From the Editor: There’s Room for All at the Table — Isn’t There?

Should any single group have a monopoly on science-based standards?

By Agnes Shanley, Editor in Chief

Our magazine has been privileged to cover some of the changes going on, or at least being talked about, in drug manufacturing. The IFPAC 2008 conference in Baltimore last month brought together many of those who are most anxious to see Quality by Design and Process Analytical Technologies (PAT) become part of the fabric of every day pharmaceutical plant operations. Those who have led these efforts, both at FDA and within industry, were at the meeting in full force, and several of your peers shared some of their experiences in applying the concepts.

Consultants also offered insights, and one of them even tackled the challenging topic of legacy products and how to apply QbD (or quality by redesign) to improve them. You’ll find interviews with some of these mavericks on our web site. Behind all the enthusiasm and the sharing of best practices, however, were some subtle dissonances.

This was evident whenever the topic of standardization came up. Two camps are becoming entrenched: the “anticompendial” side, which dismisses some of the USP standards as too old-fashioned to fit the new paradigm, and the compendial side, which views E-55 standards as too unstable and revolutionary to pass the test of time. It usually takes a group of young — or not-so-young — Turks to blast away established thinking. But in some cases, are they throwing out the baby with the bathwater? Is this conflict just adding to the confusion that already exists around ICH, QbD and the “Desired State”?

Both sides presumably present their arguments in closed committee meetings, but there has been little open, public debate. Perhaps there’s too little time? After all, it’s hard enough to work on one of these committees and juggle that with career and other responsibilities.

Progress, at times, must seem glacial (although E-55 has managed to put forth a number of standards in record time). Yet, some of the questions beg to be addressed and debated openly by those who will be using these tools.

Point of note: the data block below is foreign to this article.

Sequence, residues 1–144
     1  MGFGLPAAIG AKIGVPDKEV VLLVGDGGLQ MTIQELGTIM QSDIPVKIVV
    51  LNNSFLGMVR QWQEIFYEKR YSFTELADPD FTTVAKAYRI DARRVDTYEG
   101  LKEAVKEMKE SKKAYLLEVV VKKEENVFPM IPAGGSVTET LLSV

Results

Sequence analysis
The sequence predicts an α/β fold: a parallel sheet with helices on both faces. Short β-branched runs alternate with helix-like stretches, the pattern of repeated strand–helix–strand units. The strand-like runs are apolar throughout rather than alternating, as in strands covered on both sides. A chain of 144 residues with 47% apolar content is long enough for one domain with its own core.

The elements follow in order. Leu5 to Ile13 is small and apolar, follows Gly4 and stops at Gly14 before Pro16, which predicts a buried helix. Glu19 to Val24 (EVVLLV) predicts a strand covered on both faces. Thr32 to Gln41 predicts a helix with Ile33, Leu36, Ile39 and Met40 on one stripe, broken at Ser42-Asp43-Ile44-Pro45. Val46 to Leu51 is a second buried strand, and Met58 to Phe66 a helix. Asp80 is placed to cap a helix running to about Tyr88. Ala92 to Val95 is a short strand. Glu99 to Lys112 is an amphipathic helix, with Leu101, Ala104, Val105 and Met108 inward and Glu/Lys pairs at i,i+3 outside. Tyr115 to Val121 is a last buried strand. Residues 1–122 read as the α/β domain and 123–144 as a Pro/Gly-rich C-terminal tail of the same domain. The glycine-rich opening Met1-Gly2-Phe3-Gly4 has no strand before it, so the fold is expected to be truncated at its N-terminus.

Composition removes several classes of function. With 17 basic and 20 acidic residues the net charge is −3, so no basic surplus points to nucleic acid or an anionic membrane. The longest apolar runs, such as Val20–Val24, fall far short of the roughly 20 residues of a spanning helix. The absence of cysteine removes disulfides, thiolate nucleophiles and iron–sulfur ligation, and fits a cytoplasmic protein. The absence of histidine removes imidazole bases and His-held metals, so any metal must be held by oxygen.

Consider dissolution testing, an area where, after a few tiny explosions two years ago, we haven’t heard much discussion. E-55 has advanced the idea that calibration using USP’s baseline “tester tablets” is unscientific, and has promoted a mechanical calibration standard that each facility could adopt, based on the specifics of equipment at their plants. FDA has accepted the method as an alternative to using the tablets. Fine and good.

Variability has been seen in the USP baseline methods, but the alternative requires development of methods at each facility. FDA inspectors would then have to understand a different setup at each installation. Isn’t this the ultimate nightmare of “variability?” Then there is the question of analytical methods for pharmaceutical-grade water.

Here again, each of the two camps accuses the other of putting commercial interests ahead of noble scientific goals. Finally, there is the whole issue of standard-setting by consensus, as advocated by E-55. It sounds great. On E-55, FDA has only one vote, just like any other member. Isn’t that the way it should be? After all, FDA helped create some of the gridlock that’s preventing more pharma companies from embracing new technologies and making real improvements.

But is that, on a deep, philosophical level, the way things really should be? Can the industry be counted on to police itself? Could the concept of real-time parametric product release ultimately put the fox in charge of the hen house? In the meantime, is it too naïve to propose that these two camps stop maligning each other, heal any rifts and work together on the important job of developing clear, easy-to follow standards for those on the front lines who struggle to make ICH a reality at their facilities every day?

E-55 has scored some significant goals for sciencebased manufacturing recently; so has USP, by updating chapters for PAT methods and instrumentation, and both groups are vital to the future of this industry. But what do you think? Send us an an e-mail with your comments.

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